Kongsberg Seatex AS
The underlying idea of CySiMS is to develop new maritime security solutions that provide integrated and cost-effective protection against cyber-attacks on critical safety and operational information, while contributing to and making use of emerging specifications and standards.Results will be provided within:
1. New VHF Digital Radio System
2. New signature and encryption systems for digital data
3. A public key infrastructure for the maritime domain
4. Tools and methods for risk assessment and corrective measures
Cyber security on land is using a host of well-known technology to avoid that data or systems are compromised by hostile attackers or ignorant users. This includes physical protection, encryption, electronic signatures, virus protection and many other tools. Many of these tools are also applicable to ships, but shipping faces special problems that limit the applicability of this technology.
This means that the project must provide an innovative approach to maritime cyber-security that are based on state of the art in security technology, but which combines known mechanisms in a way that creates a holistic and cost-effective system for use in the maritime domain.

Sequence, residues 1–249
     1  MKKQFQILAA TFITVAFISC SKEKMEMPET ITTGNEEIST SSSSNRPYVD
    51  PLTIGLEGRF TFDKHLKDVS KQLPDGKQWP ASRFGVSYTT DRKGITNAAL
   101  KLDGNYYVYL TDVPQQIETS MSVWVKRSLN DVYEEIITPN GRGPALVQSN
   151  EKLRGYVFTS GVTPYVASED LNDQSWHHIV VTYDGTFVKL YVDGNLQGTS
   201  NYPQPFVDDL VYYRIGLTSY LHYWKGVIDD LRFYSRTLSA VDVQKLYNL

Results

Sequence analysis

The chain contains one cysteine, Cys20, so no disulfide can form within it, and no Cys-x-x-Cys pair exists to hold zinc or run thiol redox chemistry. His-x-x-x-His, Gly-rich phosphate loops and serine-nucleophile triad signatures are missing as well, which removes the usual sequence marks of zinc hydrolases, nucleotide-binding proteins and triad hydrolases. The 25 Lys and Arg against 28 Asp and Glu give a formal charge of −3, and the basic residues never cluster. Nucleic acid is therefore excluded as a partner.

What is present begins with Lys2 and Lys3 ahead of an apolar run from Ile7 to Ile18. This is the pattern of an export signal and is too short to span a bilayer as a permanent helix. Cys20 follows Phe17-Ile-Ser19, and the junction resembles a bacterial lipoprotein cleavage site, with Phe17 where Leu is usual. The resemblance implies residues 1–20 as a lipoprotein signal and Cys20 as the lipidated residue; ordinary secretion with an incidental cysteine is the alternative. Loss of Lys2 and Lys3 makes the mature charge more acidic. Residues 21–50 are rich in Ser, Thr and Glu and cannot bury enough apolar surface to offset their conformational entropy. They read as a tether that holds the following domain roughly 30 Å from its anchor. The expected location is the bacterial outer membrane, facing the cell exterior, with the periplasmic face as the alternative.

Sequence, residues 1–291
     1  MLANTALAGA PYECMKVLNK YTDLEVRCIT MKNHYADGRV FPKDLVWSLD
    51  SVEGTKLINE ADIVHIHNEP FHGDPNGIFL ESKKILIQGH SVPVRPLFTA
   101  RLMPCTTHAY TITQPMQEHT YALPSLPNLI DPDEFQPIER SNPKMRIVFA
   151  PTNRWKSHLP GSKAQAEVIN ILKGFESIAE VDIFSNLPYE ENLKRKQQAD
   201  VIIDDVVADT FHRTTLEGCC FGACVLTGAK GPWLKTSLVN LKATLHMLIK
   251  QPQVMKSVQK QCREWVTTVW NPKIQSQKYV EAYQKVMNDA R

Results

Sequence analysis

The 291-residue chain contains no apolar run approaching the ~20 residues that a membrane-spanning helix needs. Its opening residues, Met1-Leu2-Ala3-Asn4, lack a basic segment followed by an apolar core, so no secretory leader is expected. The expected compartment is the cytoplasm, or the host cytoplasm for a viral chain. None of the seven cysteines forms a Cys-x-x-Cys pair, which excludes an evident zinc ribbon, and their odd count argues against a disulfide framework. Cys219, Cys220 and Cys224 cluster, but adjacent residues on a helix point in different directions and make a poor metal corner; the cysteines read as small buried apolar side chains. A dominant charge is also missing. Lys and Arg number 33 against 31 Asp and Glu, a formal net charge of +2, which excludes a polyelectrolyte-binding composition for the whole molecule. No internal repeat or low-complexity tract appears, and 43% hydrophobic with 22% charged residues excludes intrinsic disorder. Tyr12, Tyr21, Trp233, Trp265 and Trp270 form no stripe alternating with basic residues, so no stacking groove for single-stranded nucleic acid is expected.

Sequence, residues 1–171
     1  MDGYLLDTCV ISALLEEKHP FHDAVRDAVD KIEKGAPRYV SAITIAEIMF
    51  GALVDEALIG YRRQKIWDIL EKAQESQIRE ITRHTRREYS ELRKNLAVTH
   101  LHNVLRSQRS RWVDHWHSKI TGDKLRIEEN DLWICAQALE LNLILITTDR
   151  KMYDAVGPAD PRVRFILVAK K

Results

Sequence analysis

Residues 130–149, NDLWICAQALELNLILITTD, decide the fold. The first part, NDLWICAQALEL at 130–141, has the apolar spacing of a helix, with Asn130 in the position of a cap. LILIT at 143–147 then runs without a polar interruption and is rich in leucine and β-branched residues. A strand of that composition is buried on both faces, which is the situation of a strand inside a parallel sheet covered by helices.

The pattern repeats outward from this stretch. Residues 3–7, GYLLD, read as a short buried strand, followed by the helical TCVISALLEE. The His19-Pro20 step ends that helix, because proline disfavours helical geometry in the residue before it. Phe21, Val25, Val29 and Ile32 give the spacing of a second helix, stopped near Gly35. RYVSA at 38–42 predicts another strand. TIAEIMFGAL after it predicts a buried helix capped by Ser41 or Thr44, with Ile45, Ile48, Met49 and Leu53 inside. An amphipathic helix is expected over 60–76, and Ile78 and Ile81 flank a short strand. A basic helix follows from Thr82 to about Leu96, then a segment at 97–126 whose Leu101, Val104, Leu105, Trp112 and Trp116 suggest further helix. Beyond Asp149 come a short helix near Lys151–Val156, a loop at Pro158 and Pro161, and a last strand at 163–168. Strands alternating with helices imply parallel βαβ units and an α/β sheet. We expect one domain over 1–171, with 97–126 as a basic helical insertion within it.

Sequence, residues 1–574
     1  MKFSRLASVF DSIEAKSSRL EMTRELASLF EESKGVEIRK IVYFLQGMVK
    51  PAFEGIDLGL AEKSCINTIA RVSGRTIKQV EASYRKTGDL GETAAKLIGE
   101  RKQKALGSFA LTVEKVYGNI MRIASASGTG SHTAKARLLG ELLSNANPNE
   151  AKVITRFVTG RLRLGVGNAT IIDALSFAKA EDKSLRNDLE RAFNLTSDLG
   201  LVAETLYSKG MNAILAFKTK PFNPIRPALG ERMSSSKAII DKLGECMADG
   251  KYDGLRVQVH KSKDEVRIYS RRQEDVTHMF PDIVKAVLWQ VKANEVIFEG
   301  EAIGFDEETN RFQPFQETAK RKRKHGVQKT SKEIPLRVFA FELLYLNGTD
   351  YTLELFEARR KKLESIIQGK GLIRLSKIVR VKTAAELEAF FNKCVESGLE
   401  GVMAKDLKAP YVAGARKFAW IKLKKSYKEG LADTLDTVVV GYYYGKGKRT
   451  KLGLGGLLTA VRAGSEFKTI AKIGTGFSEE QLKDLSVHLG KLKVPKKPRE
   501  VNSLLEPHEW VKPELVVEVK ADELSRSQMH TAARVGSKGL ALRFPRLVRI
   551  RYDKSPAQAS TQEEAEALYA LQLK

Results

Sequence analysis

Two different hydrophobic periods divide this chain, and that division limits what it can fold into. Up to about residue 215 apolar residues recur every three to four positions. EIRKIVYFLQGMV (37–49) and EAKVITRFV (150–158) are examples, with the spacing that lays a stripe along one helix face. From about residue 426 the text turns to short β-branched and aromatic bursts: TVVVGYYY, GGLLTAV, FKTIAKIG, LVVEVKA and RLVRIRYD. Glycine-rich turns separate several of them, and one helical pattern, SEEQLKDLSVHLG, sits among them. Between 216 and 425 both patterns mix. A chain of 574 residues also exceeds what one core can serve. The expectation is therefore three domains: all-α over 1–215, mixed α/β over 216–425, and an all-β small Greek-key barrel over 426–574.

Maritime cyber-security appears in diverse domains which are handled by different international organisations that do not always coordinate their work.
The basis for the innovation in this project is to look at these problem areas holistically, contribute to new specifications that can be applied in all areas and then develop new products based on these specifications to create new and larger markets for the partners' products.
The CySiMS partners have joined in a consortium to develop the new maritime security solutions. KONGSBERG,
Norwegian Maritime Authority, The Norwegian Coastal Administration, Navtor, DNVGL, SINTEF Digital and SINTEF Oceans represent expertise in various fields associated with cyber security. The consortium is led by Kongsberg Seatex, acting as prime contractor on behalf of the consortium. The CySiMS project is partly funded through the MAROFF funding scheme of the Norwegian Research Council.